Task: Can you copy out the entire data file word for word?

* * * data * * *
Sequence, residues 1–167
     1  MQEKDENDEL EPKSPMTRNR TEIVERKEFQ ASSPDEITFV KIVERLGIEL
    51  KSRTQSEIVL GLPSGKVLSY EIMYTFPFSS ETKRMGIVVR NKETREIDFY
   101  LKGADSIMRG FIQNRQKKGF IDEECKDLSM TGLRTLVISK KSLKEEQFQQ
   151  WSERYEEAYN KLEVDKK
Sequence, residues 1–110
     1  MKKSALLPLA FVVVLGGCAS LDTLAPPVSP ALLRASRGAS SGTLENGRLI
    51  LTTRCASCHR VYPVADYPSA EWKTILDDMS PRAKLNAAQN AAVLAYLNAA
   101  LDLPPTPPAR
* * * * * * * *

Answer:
Sequence, residues 1–167
     1  MQEKDENDEL EPKSPMTRNR TEIVERKEFQ ASSPDEITFV KIVERLGIEL
    51  KSRTQSEIVL GLPSGKVLSY EIMYTFPFSS ETKRMGIVVR NKETREIDFY
   101  LKGADSIMRG FIQNRQKKGF IDEECKDLSM TGLRTLVISK KSLKEEQFQQ
   151  WSERYEEAYN KLEVDKK
Sequence, residues 1–110
     1  MKKSALLPLA FVVVLGGCAS LDTLAPPVSP ALLRASRGAS SGTLENGRLI
    51  LTTRCASCHR VYPVADYPSA EWKTILDDMS PRAKLNAAQN AAVLAYLNAA
   101  LDLPPTPPAR